This is one of my favorite paintings by William Bouguereau. It’s called “The Broken Pitcher” and it’s in the California Palace of the Legion of Honor in San Francisco. The picture doesn’t do it justice at all. It’s a huge painting and the expression on the girl’s face is priceless. The stupid pitcher is broken and now she’s going to have to go home and get another one. What an annoyance. She stares out at you as if you were the one who caused her to drop it. You distracted her, and now look what you’ve done. I love Bouguereau.
The painting came to mind as I was going through the second part of the story of the woman at the well in John 4.27-42. Her life was a lot like the pitcher this girl was carrying. Whatever it used to be, it’s now broken and useless. But who is this stranger at the well?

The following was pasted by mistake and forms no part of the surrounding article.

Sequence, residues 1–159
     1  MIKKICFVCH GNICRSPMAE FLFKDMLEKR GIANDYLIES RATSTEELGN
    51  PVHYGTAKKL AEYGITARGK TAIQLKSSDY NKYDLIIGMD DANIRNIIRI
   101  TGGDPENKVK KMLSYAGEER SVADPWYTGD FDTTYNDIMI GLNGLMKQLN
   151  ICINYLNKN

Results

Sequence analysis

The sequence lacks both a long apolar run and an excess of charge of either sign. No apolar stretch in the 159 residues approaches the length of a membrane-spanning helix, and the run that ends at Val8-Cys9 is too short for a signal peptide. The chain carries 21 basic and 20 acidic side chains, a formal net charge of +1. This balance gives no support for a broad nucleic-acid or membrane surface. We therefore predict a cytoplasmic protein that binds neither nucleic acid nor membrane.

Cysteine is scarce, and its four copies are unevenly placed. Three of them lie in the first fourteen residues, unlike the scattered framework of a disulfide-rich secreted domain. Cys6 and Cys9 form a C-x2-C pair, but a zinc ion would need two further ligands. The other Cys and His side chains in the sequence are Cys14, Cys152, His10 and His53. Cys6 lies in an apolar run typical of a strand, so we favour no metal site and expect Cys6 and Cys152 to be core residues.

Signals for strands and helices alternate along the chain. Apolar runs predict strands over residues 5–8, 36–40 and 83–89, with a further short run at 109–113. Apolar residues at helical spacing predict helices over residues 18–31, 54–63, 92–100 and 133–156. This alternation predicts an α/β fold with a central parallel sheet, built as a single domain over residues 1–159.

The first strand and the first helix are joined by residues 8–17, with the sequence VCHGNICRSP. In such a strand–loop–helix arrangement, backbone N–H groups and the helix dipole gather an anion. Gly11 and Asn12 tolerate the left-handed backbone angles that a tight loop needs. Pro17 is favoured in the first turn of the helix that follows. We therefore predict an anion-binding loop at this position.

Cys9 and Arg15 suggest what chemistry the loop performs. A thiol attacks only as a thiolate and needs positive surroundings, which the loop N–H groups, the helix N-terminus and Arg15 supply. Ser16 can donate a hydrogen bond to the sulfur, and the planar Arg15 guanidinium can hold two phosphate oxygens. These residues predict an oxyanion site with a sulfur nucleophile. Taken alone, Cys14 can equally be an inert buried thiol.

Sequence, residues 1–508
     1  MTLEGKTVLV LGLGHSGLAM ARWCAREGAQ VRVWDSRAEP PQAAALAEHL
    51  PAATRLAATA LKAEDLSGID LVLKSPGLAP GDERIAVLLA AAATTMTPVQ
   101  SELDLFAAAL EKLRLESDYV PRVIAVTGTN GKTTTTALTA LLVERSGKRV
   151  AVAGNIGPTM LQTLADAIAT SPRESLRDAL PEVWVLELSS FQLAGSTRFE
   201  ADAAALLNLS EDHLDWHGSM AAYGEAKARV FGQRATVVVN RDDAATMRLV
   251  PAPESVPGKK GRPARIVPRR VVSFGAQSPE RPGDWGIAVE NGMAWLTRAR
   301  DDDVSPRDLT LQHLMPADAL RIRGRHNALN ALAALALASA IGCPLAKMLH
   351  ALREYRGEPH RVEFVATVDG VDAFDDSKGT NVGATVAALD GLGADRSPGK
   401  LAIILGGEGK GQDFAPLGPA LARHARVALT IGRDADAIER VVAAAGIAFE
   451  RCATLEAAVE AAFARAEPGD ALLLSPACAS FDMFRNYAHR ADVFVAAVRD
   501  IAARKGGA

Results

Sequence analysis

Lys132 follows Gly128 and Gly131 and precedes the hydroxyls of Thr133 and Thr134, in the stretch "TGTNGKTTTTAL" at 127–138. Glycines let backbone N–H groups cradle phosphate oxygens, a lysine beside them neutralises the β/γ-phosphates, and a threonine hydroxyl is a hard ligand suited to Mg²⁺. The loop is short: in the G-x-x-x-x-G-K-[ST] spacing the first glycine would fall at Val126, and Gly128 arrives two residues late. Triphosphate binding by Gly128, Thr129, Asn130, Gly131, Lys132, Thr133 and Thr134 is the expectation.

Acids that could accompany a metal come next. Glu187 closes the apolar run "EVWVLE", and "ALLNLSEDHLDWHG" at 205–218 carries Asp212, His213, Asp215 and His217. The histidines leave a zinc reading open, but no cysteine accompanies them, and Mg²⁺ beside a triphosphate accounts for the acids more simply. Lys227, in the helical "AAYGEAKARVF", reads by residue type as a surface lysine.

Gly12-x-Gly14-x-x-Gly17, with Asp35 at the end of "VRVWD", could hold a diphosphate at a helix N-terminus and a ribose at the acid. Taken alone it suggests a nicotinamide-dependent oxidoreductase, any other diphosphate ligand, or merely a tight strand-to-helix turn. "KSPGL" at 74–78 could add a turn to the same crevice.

The woman has been confronted by Christ and he just told her that he himself is the Messiah. What is her reaction to that news? She leaves her water jar and rushes off into town to tell other people! Her jar isn’t as useless as the one in this painting, but it is no longer important to her, nor is water. She has found the Messiah! She must do something.
Water jars get left behind when one has just had an encounter with the Messiah. What does she do? She does the same thing that Andrew and Philip do when they meet the Messiah, she rushes into the little village and says, “Come and see.” She must tell someone, and so she does.
Did she ever retrieve her water jar? One assumes she did when she returned. How differently the trip back to town must have been carrying that water jar on the return journey. She had gone out to the well just another poor sinner, but she was going back as a daughter of The King.